Robert Perea, The Fernley Reporter
The Nevada Supreme Court has upheld the conviction and death sentence of Jeremiah Bean, who was sentenced to death in 2015 for the murders of four people in Fernley and one in Mustang in 2013.
Bean was convicted for the murders that happened during a crime spree in May, 2013. Bean first shot Robert and Dorothy Pape in their home and took property from their home and drove away in their truck. When the truck got stranded on Interstate 80, Bean shot Elliezear Graham after Graham had stopped to help him, then drove Graham’s truck back to the Pape residence, where he set it on fire in the garage.
He then entered the home of Angie Duff and Lester Leiber, where he shot and stabbed Leiber to death, stabbed Duff to death and left the home with their pistol.
He was convicted in Third Judicial District Court in Yerington of all five counts of first-degree murder with the use of a deadly weapon, including one enhanced count of a victim 60 years of age or older; burglary with the use of a firearm; grand larceny; grand larceny of a motor vehicle; first-degree arson; robbery with the use of a deadly weapon; burglary obtaining a firearm; and grand larceny of a firearm.
Bean was sentenced to death for each count of first-degree murder various consecutive terms in prison for the other offenses.
Bean appeal on eight issues, each of which was rejected by the court.
The Nevada Supreme Court heard oral arguments in the case May 6, and issued its written decision Sept. 20.
Bean’s appeal argued that the district court erred in denying his motion to strike the death penalty due to intellectual disability. The court disagreed, finding that Bean’s IQ of between 78 and 83 as not two standard deviations below the mean, the clinical definition of “subaverage intellectual functioning,” which would equate to a score of approximately 70 points or lower.
The court also found that the test results were consistent with Bean’s prior academic achievement and scores on other objective measures of cognitive ability and that Bean’s attempt to feign mental illness while speaking with officers was inconsistent with significantly subaverage intellectual functioning.
The court also ruled that the District Court did not improperly limit voir dire during jury selection, as Bean’s appeal charged.
Bean’s attorneys argued that the District Court should have granted his motion for a change of venue because the murders were highly publicized, and he could therefore not get a fair trial in the small community where the murders occurred. However, the Surpre Court ruled that the voir dire transcript does not demonstrate that the media coverage had become so saturated that a fair and impartial jury could not be seated.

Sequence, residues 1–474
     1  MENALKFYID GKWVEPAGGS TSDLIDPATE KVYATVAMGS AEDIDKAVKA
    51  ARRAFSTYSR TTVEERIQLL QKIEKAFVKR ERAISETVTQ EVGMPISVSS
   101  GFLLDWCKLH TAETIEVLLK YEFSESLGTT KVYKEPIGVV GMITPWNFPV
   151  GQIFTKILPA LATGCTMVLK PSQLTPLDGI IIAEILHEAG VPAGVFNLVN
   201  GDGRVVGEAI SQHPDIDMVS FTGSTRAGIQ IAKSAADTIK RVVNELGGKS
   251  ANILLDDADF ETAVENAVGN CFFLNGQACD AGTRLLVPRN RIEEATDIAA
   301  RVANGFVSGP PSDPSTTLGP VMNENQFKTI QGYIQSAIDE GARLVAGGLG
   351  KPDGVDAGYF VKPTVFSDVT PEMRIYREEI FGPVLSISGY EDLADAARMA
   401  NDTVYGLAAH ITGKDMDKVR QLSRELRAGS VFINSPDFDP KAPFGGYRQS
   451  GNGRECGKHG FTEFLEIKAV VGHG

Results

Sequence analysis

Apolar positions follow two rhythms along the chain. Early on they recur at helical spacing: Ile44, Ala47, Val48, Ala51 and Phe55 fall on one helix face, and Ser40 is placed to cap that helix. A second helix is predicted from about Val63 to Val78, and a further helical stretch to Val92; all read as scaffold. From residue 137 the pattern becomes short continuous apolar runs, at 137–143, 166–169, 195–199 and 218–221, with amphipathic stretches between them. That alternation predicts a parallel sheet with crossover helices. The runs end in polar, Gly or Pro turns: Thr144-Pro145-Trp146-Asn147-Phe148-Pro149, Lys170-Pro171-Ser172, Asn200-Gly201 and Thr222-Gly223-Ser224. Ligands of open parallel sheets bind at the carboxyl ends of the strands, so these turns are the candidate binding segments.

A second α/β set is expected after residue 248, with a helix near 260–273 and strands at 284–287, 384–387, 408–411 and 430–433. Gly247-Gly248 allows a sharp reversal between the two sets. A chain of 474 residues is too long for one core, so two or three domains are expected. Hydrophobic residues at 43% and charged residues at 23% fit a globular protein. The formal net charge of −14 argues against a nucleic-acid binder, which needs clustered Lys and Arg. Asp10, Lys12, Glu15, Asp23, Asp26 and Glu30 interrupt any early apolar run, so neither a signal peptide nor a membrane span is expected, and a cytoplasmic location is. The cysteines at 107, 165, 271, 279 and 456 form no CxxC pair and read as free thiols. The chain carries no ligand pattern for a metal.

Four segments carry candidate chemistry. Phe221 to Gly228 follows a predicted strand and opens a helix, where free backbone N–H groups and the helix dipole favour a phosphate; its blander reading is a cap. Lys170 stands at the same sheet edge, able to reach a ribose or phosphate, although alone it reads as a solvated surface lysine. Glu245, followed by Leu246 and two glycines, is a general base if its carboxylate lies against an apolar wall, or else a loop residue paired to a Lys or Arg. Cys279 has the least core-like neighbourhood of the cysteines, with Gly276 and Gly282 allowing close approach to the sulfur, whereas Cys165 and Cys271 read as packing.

The Court also disagreed with Bean’s argument that the district court erred in admitting evidence of his uncharged drug use during the weekend of the murders. The Court ruled that evidence of Bean’s drug use was relevant to his motive to commit the crimes, as witnesses testified that Bean pawned property and purchased drugs with the proceeds.
Bean’s appeal argued that the District Court erred in admitting evidence of his juvenile convictions during the penalty phase of the trial. On that issue, the Supreme Court ruled that his juvenile record was relevant to the jury’s sentencing decision because it showed an escalation in Bean’s criminal behavior and reflected on his amenability to rehabilitation.
The court also rejected the argument that the district court erred by limiting testimony from Bean’s gang expert on how members of a gang with which he was affiliated view his crimes. The Court ruled the evidence excluded falls outside the scope of mitigating evidence.
Regarding Bean’s challenges to the death penalty, the Court reaffirmed its rejection of similar arguments that the death penalty violates the Eighth Amendment’s prohibition against cruel and unusual punishment. The Court also found that the evidence in the case supports the aggravating circumstances found as to each murder; that the jury did not act under the influence of passion, prejudice or any other arbitrary factor; and concluded that the death penalty is not excessive in the case.